So what if outspoken attendees of the Democratic convention in Denver weren't overly impressed with the keynote address by former Virginia governor and now Senate hopeful Mark Warner?
It won't be long until it's out with the old and in with the new.
A new two-year study of the so-called "millennial generation" finds that Mr. Warner's message of "ideas over partisan politics" is exactly what the up-and-coming generation of voters thinks.
Focus group studies and polling conducted by Gerstein-Agne reveal the 100-million-strong millennial voters not only are more independent than the current crop of Democratic leaders, they also "have a distaste for partisan politics, seeing issues and solutions less based on politics and more on what is best for the country and the greater good."
As Democrats gear up for tonight's much-anticipated acceptance speech by Sen. Barack Obama to become his party's nominee for president, organizers of the 2008 Republican National Convention, which kicks off Monday in St. Paul, Minn., have just announced their full program of speakers.
Some of the bigger names: President Bush, Vice President Dick Cheney, first lady Laura Bush, California Gov. Arnold Schwarzenegger, Minnesota Gov. Tim Pawlenty, Louisiana Gov. Bobby Jindal, former Massachusetts Gov. Mitt Romney, former New York City Mayor Rudolph W. Giuliani, former Arkansas Gov. Mike Huckabee, former Pennsylvania Gov. Tom Ridge, and Florida Gov. Charlie Crist.
Also taking the podium: Senate Republican Leader Mitch McConnell of Kentucky, House Republican Leader John A. Boehner of Ohio; Sens. Lindsey Graham of South Carolina, Kay Bailey Hutchison of Texas, and Sam Brownback of Kansas; former Senate Majority Leader Bill Frist of Tennessee, and first lady hopeful Cindy McCain.
Oh, and of course there will be the bigger acceptance speeches by Arizona Sen. John McCain and his yet-to-be-announced choice for running mate — chances are someone among the names we've listed above.
Barring an about-face by Congress, what is being labeled as one of the most effective drug- and crime-fighting programs in the country is facing elimination.
The Byrne Justice Assistance Grant (JAG) funds more than 4,000 police officers and prosecutors working on more than 750 drug-enforcement task forces in all 50 states. Yet in the 2008 Omnibus Appropriations Act, Congress slashed the program's funding by two-thirds, from $520 million to $170 million.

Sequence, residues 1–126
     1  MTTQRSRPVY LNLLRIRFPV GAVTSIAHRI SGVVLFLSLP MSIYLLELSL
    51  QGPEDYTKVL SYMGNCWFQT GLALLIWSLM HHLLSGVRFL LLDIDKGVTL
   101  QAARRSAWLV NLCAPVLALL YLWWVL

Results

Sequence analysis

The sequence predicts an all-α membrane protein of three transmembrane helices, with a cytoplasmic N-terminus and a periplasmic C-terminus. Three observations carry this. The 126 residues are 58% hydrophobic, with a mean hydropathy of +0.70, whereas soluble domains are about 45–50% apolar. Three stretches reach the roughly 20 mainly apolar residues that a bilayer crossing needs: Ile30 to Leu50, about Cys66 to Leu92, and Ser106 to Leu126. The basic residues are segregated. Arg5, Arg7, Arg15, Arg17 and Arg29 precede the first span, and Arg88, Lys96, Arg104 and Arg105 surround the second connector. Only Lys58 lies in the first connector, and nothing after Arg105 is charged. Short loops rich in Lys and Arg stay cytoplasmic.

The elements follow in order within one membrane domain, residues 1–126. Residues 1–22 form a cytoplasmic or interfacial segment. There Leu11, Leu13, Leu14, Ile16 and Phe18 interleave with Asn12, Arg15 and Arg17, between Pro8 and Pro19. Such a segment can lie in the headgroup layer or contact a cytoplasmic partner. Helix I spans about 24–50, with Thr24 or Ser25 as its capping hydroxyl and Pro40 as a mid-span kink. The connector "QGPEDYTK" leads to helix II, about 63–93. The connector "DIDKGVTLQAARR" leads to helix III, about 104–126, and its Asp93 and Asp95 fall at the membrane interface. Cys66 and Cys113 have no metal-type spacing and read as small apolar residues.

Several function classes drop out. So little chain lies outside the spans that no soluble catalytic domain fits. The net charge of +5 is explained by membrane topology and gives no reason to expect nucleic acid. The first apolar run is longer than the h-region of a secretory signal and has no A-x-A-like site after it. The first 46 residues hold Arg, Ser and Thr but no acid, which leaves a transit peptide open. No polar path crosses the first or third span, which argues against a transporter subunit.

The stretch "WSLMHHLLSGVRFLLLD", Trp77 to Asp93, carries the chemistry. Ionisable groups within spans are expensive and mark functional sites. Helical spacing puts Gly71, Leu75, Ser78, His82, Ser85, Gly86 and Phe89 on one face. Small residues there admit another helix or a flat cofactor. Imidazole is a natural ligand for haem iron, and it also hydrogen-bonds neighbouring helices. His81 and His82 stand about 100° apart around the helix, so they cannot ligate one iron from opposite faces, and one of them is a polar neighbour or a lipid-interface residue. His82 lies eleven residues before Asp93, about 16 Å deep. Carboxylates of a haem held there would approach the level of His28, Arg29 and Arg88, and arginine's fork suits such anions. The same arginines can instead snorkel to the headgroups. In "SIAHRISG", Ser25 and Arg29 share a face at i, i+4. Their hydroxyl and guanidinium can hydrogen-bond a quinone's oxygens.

The program's supporters point out that Congress recently passed up one chance to restore the funding, although the body will have a second opportunity in a supplemental bill to be approved next month.
Mother Jones Washington bureau chief David Corn is critical of "senior reporters and top editors from The Washington Post" — or at least the newspaper's old guard in place on Sept. 2, 2004, when George W. Bush delivered his acceptance speech at the Republican National Convention in New York.
In fact, Mr. Corn isn't impressed with his fellow media as a whole, given its coverage of the Bush White House.
Beneath the subheadline "Why Can't the Press Tell the Truth About a President Who Didn't?', the bureau chief recalls taking a seat in the Essex House hotel to write about Mr. Bush's speech, in which the president declared Iraq "a gathering threat" and sought to link the 9/11 terrorists with the insurgency in Iraq.
"As I sat writing my piece, the tables next to me slowly filled with senior reporters and top editors from the Washington Post," he continues. "Typing away, I could hear them deride Bush's speech as a collection of misrepresentations. Their consensus was clear: Bush was trying to pull a fast one."
Yet the next morning, he says, the paper's front page flatly proclaimed: "Bush Promises 'a Safer World'"
"A media outfit … had once again enabled a president who was not being honest," Mr. Corn concludes. "And I was reminded of a 1997 remark by Ben Bradlee, the former executive editor of the Post: 'Even the very best newspapers have never learned how to handle public figures who lie with a straight face.'"